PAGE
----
Getting to Know Your Annual Flu Shot
The flu shot is one of the most common vaccines in the United States. Each year, nearly half of all Americans are vaccinated against the flu. The Centers for Disease Control and Prevention (CDC) estimates that flu shots, on average, reduce the risk of getting the flu by 50 to 60 percent. According to the CDC, “[a] flu vaccine is the best way to reduce your chances of getting the flu and spreading it to others.” As a result, the CDC recommends that every person six months of age and older receive a flu shot every year.
About the Seasonal Flu Vaccine
Influenza (the flu) is an infectious disease that affects more than three million Americans every year. The flu is highly contagious, and its symptoms include fever, chills, cough, sore throat, muscle aches, headaches and fatigue. Most people recover in a matter of days or weeks; however, for some, the flu can be fatal. Individuals with compromised immune systems and the elderly (age 65 and older) are the most likely to succumb to complications such as pneumonia arising from the flu.
There are multiple strains of influenza, and in different years, some are more prevalent than others. Because it is not possible to vaccinate against each and every strain – each year, scientists across the globe collaborate to select the strains they believe are likely to be most prevalent during the upcoming flu season. The U.S. Food and Drug Administration (FDA) then selects the specific vaccines to be administered to the public.
Common Flu Vaccines in the United States
Like all medications in the United States, flu vaccines are subject to FDA approval. Due to the number of strains that are out there, there are several vaccinations that are FDA-approved. These include:
- Fluarix Quadrivalent
- FluLaval Quadrivalent
- FluMist Quadrivalent
- Fluzone Quadrivalent
Where Can I Get My Flu Shot?
Due to the vast number of flu vaccines administered on an annual basis, individuals can receive a flu shot just about anywhere. Doctors’ offices, hospitals, pharmacies, schools and even grocery stores, receive flu shots for administration to the general public.
While individuals have numerous options for where to be vaccinated against the flu, it is important to note that some options may be safer than others; and, in any case, individuals may run the risk of suffering a shoulder injury related to vaccine administration (SIRVA).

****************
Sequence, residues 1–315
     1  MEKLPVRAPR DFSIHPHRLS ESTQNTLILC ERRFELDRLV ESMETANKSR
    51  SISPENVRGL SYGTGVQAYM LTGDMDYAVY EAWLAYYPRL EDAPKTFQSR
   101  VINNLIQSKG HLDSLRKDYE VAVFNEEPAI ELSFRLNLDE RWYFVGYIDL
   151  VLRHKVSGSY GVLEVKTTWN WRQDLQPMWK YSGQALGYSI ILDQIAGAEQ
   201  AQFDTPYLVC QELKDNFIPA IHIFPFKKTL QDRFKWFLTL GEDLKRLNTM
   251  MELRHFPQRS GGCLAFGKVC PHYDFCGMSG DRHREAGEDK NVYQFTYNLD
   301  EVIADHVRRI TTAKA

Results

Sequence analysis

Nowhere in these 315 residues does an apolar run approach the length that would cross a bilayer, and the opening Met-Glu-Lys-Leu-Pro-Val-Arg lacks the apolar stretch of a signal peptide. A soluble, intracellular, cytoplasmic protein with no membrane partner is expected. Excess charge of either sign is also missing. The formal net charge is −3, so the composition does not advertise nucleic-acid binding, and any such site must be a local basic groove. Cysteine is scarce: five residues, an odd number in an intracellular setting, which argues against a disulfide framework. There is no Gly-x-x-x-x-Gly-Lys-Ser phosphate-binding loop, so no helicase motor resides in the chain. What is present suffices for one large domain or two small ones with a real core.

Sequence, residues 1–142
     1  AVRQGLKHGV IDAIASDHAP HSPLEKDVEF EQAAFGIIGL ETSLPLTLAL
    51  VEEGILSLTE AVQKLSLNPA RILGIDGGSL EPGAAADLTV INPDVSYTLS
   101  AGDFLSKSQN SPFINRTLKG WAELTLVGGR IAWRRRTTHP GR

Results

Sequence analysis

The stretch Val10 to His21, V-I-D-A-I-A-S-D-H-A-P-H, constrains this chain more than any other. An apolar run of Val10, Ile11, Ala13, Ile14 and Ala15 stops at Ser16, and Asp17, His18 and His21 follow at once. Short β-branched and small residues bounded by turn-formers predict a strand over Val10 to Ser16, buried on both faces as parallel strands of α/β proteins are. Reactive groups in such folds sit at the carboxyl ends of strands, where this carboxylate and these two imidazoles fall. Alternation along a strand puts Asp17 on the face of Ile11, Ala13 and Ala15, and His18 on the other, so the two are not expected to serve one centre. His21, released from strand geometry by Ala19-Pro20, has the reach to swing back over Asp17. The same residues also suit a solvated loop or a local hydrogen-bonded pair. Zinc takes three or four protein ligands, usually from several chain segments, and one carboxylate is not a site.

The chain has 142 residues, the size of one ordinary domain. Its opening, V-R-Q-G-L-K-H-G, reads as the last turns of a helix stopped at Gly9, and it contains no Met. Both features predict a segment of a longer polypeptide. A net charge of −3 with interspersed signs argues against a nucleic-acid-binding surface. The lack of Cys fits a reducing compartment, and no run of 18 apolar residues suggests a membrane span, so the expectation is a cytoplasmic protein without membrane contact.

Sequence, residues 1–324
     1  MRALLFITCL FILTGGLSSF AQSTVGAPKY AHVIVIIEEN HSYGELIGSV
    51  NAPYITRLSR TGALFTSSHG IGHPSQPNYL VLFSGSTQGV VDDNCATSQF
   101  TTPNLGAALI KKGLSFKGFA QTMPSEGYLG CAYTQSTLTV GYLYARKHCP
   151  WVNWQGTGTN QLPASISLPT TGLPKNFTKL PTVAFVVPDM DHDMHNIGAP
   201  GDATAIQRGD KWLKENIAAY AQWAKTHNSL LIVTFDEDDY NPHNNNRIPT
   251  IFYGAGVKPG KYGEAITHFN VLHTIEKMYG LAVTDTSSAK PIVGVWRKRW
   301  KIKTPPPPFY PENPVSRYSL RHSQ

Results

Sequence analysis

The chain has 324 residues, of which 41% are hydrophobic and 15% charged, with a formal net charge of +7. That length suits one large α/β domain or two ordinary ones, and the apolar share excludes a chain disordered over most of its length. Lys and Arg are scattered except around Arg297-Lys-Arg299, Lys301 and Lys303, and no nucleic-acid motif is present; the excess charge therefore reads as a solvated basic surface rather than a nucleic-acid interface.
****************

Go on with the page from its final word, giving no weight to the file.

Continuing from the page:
What if I Have Experienced Shoulder Pain from a Flu Shot?
If you have experienced shoulder pain after receiving a flu shot, you may be suffering from Shoulder Injury Related to Vaccine Administration, or “SIRVA.” Vaccine-related shoulder injuries commonly result from administration errors such as injecting the vaccine too high on the shoulder or too low on the arm. These errors lead to painful complications, and in some cases may require surgery.
Fortunately, individuals claiming vaccine-related shoulder injuries can seek compensation for their medical bills and other losses through the National Vaccine Injury Compensation Program (VICP). The Vaccine Program is a no-fault government compensation program that provides money to individuals suffering from vaccine-related injuries. At the Center for Vaccine Shoulder Pain Recovery, our sole focus is helping clients recover compensation under the Vaccine Injury Compensation Program.
Suffering From A Flu Shot Shoulder Injury? Contact Vaccine Attorney Leah Durant Today
If you or someone you love has experienced shoulder pain after receiving a flu shot, you may be entitled to financial compensation. For more information, contact the Center for Vaccine Shoulder Pain Recovery to schedule a free consultation with vaccine attorney Leah Durant. Call us today at 1-844-789-2047.